Bioprospecting and Characterization of Plant Growth Promoting Bacteria
Collaboration with Dr. Rufina Hernández from CICESE
Participants: CICESE- Edgardo Sepúlveda, Carmen Delgado, Edith Gonzalez, Jimena Rábago, Sheila Ramírez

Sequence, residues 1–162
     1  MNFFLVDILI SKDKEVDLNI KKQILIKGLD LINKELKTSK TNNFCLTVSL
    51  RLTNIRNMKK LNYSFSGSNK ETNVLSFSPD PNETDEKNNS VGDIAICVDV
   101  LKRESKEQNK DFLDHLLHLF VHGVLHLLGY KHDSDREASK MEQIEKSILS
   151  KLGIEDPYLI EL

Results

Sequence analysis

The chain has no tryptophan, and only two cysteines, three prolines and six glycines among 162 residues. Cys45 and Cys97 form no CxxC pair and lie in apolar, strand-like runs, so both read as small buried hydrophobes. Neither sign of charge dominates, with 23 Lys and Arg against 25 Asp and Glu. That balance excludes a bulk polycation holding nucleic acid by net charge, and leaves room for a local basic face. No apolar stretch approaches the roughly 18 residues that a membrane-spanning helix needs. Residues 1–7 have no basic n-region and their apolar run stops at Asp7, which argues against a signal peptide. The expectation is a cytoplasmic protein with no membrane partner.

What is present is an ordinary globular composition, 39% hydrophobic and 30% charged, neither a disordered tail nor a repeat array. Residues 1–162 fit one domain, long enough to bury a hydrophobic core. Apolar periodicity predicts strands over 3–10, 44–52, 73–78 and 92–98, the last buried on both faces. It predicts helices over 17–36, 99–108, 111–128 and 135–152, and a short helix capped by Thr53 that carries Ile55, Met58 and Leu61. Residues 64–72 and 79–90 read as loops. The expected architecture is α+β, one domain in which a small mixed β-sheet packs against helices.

The state of Baja California is home to a thriving agricultural industry that produces a wide variety of fruits, vegetables, and wines. There are three agrarian regions: the Mexicali Valley, the Pacific Coast region comprised of San Quintín, San Vicente, Camalú and Maneadero, and finally the central zone, formed by the Guadalupe Valley and the Trinidad Valley. Baja California has an area of 71,450 square kilometers and shows great geographic diversity, ranging from mountains and valleys to deserts and forests. Tomato is the main vegetable that is produced, this crop is very susceptible to attack by pests and diseases, so about 35 different agrochemicals are used in its cultivation, mainly fungicides, insecticides, and foliar fertilizers. To reduce the use of these products, one strategy is to use Plant Growth Promoting Rhizobacteria (PGPR), which can promote plant growth and decrease the damage caused by phytopathogens. However, the effectiveness of these microorganisms can be affected because they fail to adapt to the climatic conditions where they are applied. Our objective is to isolate and identify strains of plant growth-promoting bacteria adapted to the arid conditions of the peninsula. With the use of a battery of culture media, we will isolate soil microorganisms from plants growing in different parts of the peninsula and those with characteristics that suggest they may be used as biological control or growth promotion agents will be identified and characterized. Our isolation strategy includes general means, but also some specifically designed for the isolation of genres such as Streptomyces, Pseudomonas, Bacillus, Azotobacter, and Azospirillum.